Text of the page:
[Python-Dev] Re: lists v. tuples

Glyph Lefkowitz glyph@twistedmatrix.com
Sat, 15 Mar 2003 22:19:30 -0600

Hash: SHA1

On Saturday, March 15, 2003, at 12:35 AM, python-dev-request@python.org 

> Then I realize that C++ has exactly this feature (it's called "const"),
> and that I find it to be an annoyance far more often than I find it
> handy. And I begin to question.

I have thought about this as well; I think that the problem is that in 
C++, you have to declare "const" *everywhere* -- you can't just pass a 
mutable data structure and have the "right thing" happen the way it 
most obviously should.  Arguably when one is mucking about at such a 
low level as is common in C++, this is something that you have to be 
really careful about, but I still think that it's handled badly in the 

Imagine for a moment that dictionaries and lists in Python had a 
"const" method which would immutabilify them (if that's even a word).  
The following example:

>> const char* strrev(const char* torev) {
>> 	// reverse the string
>> }
>> ...
>> 	char* x = "1234";
>> 	char* y = (char*) strrev((const char*)x); // tell me I've been bad,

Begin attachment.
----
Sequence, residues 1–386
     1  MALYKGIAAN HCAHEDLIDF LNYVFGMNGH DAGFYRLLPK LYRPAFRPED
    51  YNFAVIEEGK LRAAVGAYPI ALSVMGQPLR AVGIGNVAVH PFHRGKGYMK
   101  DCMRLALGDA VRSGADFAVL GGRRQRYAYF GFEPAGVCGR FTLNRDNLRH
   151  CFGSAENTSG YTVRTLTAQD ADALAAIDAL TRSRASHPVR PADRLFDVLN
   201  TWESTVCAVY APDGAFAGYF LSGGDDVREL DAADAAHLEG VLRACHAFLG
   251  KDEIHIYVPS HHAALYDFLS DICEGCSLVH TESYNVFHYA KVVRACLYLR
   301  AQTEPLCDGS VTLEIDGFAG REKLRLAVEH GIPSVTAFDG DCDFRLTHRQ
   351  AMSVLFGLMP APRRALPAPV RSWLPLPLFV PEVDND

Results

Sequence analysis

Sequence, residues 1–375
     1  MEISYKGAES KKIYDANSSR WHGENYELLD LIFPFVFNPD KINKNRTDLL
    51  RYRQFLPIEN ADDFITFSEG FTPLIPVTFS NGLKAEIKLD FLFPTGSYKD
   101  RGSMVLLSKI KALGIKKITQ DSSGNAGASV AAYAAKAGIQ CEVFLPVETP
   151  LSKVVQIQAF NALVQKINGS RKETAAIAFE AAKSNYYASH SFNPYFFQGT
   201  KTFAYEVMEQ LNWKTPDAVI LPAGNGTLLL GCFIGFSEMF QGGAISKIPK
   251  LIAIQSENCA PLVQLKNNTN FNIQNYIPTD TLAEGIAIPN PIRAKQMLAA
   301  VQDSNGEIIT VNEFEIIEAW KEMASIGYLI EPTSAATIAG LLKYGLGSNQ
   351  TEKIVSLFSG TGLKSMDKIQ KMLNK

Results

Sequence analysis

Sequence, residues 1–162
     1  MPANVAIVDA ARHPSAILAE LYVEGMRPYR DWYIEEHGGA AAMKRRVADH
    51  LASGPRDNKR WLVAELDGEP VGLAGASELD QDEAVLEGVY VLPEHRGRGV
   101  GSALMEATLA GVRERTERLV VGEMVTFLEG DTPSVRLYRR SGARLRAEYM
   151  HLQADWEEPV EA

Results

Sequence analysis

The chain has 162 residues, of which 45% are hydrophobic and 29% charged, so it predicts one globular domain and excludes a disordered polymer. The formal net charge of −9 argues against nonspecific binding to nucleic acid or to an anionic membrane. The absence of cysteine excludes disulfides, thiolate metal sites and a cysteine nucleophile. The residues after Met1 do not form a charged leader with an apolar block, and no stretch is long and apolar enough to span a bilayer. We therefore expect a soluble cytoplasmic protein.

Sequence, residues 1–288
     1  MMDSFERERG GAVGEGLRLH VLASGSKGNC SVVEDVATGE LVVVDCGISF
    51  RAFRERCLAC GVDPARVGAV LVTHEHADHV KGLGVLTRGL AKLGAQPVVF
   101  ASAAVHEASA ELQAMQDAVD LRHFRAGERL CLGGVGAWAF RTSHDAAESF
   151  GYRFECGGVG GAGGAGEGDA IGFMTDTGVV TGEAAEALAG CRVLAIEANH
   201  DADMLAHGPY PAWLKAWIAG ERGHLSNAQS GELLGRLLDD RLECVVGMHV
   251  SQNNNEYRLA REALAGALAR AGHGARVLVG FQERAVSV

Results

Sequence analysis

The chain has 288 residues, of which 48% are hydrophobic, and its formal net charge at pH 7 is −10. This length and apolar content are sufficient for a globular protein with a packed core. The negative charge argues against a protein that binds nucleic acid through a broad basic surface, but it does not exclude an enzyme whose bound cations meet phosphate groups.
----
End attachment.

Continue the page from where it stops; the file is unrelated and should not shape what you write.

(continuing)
>> g++!
>> ...

As opposed to:

>> def strrev(s):
>>     "Please pass me immutable data!"
>>     # reverse the string
>> ...
>> 	x = '1234'
>> 	y = strrev(x.const()).copy()
>> ...

I think that the latter is far less likely to annoy.  Of course, in 
this hypothetical example, I can design all kinds of convenient 
behavior for these Python mutability operations to have, like 'copy' 
always returning a mutable shallow copy of the data structure in 
question, and '.const()' making an object immutable and then returning 

This smells like another unformed PEP I don't have the time to think 
about or implement :-(, but I would definitely like to see mutability 
guarantees worm their way into the language at some point, too.

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